The government has decided there will be a new unitary local council for part of Shropshire.
The new council will be responsible for environmental services
Under the new regime the county will be divided into two authorities, an existing one for Telford and a new one for the rest of the county.
Five district or borough councils and the county council will disappear.
Shrewsbury and Atcham Council, which opposed the move, has lodged a judicial review appeal at the High Court to be heard in September.
In previous local consultations, Shropshire County Council, Oswestry Borough Council and South Shropshire District Council supported the move to have one council.
Shrewsbury and Atcham Borough Council, North Shropshire District Council and Bridgnorth District Council had opposed the move.
Shropshire is one of nine new areas which are to be governed by a single unitary authority.
The leaders of Shropshire County Council and Oswestry Borough Council welcomed the news.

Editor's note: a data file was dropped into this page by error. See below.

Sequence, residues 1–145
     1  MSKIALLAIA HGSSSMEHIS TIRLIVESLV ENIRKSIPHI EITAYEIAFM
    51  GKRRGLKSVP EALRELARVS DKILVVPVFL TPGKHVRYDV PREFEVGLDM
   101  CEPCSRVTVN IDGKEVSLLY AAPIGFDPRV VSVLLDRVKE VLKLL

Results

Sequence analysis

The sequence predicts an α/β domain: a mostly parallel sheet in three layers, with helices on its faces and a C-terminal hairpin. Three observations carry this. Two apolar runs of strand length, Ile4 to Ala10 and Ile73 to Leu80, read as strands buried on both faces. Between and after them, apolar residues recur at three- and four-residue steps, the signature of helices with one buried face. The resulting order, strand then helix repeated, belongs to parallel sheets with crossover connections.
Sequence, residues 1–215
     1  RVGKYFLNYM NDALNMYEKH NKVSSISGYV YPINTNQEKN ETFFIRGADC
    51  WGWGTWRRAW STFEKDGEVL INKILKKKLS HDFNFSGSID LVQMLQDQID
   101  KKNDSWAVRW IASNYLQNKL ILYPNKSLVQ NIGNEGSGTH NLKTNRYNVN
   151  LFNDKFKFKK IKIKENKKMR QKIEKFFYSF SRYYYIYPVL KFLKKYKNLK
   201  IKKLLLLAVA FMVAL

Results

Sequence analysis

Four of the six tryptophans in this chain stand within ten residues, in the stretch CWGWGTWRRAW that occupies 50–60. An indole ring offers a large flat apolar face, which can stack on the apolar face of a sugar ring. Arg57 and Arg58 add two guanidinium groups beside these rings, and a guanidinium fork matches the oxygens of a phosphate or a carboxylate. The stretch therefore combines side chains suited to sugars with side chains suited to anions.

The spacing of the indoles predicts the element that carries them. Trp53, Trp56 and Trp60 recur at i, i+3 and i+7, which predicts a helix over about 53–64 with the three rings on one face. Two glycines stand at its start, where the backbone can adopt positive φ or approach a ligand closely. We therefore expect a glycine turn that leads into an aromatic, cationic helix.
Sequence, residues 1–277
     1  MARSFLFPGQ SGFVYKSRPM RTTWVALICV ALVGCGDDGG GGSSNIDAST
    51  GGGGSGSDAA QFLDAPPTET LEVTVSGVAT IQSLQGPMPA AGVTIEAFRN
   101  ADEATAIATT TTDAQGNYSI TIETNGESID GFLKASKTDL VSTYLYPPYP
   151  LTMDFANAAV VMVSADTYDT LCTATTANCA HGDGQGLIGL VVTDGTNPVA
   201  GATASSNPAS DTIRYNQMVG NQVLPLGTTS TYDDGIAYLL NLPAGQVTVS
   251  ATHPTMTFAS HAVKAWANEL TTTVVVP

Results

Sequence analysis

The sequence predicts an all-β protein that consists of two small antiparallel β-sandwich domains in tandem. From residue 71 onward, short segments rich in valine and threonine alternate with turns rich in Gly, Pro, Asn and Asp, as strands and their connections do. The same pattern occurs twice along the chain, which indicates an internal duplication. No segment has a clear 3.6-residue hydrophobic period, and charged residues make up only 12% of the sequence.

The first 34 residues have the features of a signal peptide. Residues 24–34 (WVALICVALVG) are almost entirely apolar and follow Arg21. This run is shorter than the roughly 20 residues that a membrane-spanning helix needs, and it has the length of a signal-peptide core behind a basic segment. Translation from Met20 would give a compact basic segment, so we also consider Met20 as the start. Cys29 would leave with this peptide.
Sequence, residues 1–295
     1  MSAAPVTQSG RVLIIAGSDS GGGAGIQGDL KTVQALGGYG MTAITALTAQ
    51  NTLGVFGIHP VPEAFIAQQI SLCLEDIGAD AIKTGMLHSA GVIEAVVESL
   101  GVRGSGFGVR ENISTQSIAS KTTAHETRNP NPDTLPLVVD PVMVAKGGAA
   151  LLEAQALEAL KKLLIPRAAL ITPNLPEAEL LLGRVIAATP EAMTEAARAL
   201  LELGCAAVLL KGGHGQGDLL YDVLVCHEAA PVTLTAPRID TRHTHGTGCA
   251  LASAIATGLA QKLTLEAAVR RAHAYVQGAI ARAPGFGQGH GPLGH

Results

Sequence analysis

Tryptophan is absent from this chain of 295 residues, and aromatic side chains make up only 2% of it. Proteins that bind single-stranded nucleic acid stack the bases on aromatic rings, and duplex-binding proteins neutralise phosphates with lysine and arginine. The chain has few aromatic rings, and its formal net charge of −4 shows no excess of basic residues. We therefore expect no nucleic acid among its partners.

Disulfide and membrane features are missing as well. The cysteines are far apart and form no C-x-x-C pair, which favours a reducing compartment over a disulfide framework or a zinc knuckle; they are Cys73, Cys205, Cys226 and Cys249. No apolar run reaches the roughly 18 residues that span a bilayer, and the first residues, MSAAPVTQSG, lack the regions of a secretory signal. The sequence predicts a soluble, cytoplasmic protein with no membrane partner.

"We have shown in our proposal that by merging Shropshire's six main councils into one we can deliver even better value for money, at the same time as fairer and more joined-up services," they said in a joint statement.
David Lloyd, Oswestry Borough Council leader, said the announcement finally clears the uncertainty surrounding the issue.
Meanwhile, Shrewsbury and Atcham Borough Council issued a statement expressing disappointment at the news. It also stated it will still be going ahead with the judicial review.
"Shrewsbury and Atcham Borough Council is disappointed the government has not listened to the public of the borough and their serious concerns over the dilution of the democratic process," it said.
Ludlow's Conservative MP Philip Dunne said he was "bitterly disappointed" by the announcement.
"In Shropshire a strong case was made for existing councils working closer together.
"The Government has instead jumped the gun of its own legislation to force unitary status on rural shire counties
"The courts may rule this out of order when the judicial review case is heard in September.
"In the meantime I feel sorry for the continuing uncertainty for those staff of the district councils who may now be working out their jobs."
Local Government Minister John Healey said the new councils would "lead the way on meeting today's challenges of promoting prosperity, empowering citizens and communities and modernising local service delivery".
The new council is expected to be up and running by 2009.
The debate over the subject led to a communications officer leaving his job.
Paul Masterman e-mailed colleagues at Shropshire County Council advising them on how they could vote more than once in a BBC on-line poll.